Through texts and messages, the mega-bestselling, beloved Internet Girls series followed the ups and downs of school for three very different, very close friends. Now it’s freshman year of college for the winsome threesome, and *everything* is different. For one, the best friends are facing their first semester apart. Way, way apart. Maddie’s in California, Zoe’s in Ohio, and Angela’s back in Georgia. And it’s not just the girls who are separated. Zoe’s worried that Doug wants to break up now that they’re at different schools, and Maddie’s boyfriend, Ian, is on the other side of the country.In the face of change and diverging paths, Maddie’s got a plan to keep the friends close, and it involves embracing the present, making memories, and . . . roller derby! Using of-the-moment technology, Lauren Myracle brings her groundbreaking series into the brave new virtual world of texting and tweets.
Praise for yolo
"This honest, nuanced, accessible, and credible account provides teen girls with an authentic and skillfully told description of college life. The story, which can stand independently from the rest of the Internet Girls series, offers readers realistic, engaging, and provocative perspectives on scary first semesters away from home and sage advice about drinking, partying, and shutting down socially, all without ever leaving the perfectly crafted text-message flow.
--Booklist, starred review
"Funny, deceptively smart and just in time for those going off to college."
Customer ReviewsSee All
OMG BEST BOOK
I love this book so much! THE SERIES WAS AMAZEING! The quizzes are cool, and I wish Lauren Myracle would continue this series cuz i luv it and sorta feel like Zoe right now without Doug cuz i no the series is over :(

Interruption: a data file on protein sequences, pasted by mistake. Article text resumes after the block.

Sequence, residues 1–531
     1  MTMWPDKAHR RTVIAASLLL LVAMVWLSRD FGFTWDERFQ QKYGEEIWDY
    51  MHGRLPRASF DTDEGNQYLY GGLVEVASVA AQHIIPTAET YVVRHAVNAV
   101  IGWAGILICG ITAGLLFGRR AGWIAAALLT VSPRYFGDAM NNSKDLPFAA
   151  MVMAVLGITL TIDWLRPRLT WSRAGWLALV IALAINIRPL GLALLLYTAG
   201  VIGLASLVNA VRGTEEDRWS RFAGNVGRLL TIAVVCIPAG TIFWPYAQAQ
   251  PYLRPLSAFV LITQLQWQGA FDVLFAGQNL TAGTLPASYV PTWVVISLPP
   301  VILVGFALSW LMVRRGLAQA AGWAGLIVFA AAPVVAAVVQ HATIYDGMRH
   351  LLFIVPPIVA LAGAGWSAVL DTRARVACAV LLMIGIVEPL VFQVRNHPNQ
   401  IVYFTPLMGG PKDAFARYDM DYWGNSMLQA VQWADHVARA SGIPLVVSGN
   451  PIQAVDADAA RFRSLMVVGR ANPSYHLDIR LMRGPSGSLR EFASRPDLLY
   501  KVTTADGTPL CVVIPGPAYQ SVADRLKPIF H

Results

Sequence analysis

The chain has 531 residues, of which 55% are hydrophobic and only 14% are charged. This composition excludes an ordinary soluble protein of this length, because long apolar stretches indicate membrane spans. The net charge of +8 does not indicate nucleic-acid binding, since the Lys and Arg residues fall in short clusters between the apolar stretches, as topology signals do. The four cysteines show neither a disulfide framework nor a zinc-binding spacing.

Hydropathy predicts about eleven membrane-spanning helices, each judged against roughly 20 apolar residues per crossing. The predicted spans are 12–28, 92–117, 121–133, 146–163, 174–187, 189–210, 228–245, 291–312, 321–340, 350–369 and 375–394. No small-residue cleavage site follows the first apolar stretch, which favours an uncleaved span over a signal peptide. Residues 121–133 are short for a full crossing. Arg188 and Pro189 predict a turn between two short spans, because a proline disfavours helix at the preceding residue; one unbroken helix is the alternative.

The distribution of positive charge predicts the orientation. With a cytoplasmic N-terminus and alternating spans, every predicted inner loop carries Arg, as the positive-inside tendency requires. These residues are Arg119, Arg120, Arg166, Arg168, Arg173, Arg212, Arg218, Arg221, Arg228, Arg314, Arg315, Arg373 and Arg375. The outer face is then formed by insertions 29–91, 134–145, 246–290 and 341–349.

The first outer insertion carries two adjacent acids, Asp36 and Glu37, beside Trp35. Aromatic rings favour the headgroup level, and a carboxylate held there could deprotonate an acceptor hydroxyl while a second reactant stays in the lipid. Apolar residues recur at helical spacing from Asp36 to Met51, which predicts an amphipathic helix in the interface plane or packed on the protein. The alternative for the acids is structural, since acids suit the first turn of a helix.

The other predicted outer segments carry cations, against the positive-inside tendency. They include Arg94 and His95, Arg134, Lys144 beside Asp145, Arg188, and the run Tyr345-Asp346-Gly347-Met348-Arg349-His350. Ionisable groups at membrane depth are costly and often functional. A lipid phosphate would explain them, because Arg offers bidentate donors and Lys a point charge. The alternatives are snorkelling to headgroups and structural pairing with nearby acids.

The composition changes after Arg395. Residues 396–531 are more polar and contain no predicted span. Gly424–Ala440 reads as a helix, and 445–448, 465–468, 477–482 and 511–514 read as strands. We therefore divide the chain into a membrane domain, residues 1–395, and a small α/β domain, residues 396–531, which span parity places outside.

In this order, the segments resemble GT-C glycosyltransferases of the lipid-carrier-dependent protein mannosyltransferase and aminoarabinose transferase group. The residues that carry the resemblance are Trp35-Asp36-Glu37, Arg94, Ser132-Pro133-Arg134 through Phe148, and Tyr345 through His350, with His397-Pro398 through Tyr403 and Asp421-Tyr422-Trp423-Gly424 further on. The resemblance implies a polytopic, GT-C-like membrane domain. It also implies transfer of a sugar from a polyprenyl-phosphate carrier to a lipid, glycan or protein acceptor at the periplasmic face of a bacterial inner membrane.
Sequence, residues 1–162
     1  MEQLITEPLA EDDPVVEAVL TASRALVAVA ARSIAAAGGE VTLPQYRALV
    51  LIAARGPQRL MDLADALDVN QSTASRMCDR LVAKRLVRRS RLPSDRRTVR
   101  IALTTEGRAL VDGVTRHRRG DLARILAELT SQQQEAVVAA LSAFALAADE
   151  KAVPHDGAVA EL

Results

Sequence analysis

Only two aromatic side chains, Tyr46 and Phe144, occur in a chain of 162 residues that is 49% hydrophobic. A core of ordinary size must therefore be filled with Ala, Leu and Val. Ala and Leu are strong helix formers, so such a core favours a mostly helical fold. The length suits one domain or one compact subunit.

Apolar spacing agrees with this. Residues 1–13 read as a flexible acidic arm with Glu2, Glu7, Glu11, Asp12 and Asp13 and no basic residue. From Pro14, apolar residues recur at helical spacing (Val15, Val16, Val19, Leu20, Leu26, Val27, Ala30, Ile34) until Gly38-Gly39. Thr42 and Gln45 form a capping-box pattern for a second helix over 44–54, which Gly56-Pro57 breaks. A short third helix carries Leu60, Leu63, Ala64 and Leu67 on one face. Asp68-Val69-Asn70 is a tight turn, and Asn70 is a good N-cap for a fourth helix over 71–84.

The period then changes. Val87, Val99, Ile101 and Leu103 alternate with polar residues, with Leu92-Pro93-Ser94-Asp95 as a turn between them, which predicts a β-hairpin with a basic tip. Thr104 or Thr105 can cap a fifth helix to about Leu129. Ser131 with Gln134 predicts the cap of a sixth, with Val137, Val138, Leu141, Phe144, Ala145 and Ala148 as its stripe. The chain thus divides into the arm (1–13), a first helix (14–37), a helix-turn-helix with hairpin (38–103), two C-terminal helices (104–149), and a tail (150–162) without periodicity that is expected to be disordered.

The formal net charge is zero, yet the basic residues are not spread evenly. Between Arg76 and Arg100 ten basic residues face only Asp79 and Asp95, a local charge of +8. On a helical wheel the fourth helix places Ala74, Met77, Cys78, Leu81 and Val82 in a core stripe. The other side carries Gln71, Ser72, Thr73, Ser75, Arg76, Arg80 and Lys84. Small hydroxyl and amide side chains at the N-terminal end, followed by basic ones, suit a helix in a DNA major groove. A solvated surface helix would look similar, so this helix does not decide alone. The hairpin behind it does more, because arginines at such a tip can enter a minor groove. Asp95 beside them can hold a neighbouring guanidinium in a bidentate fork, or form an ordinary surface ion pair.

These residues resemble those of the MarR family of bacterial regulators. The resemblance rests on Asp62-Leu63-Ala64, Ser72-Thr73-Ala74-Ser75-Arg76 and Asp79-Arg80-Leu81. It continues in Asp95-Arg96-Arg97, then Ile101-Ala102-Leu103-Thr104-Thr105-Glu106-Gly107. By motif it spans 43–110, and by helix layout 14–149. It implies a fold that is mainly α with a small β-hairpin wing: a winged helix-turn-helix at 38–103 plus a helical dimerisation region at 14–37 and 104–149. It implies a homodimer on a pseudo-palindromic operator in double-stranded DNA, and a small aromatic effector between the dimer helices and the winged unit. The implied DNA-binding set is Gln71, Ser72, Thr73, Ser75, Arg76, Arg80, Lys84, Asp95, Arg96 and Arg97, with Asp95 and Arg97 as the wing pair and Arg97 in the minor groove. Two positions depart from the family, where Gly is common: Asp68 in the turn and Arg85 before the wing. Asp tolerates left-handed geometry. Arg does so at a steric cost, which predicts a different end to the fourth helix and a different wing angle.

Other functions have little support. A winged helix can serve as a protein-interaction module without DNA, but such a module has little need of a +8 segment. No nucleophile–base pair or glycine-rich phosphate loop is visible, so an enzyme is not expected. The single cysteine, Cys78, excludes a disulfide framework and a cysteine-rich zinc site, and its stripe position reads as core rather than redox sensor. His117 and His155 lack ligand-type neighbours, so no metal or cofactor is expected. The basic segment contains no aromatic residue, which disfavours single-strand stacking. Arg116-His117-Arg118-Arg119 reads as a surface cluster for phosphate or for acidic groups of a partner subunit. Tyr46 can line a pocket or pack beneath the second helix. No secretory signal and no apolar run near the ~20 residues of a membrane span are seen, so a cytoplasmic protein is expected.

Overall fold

Sooo, i loved it so incredibly much that i told my group of friends about it(we have three people in it- hannah is like Zoe-Claire is like Angela- and I am like Maddie) and they love the books too!!! PLEASE WRITE ANOTHER BOOK!
Horrible and disappointing
I grew up reading these books and as a teen during the AIM (AOL Instant Messenger) days, these books were good as gold for me in how they reflected my then current childhood. However, I got excited, probably more than I should have at the idea of a college age ending now that I am in college myself. Sadly though, the book had a good start and subtext but the ending was very rough, unfinished and almost hurried so much to the point that the author just seems to have created the sloppiest and "eh good enough" style of ending that made the book devastatingly decline overall. It was great to see the girls face real college problems but the final climax with Maddie ended very abruptly with us having no proof whether she made it, how or if she got passed her depression which is a serious problem among college students that should have been addressed less delicately in this book.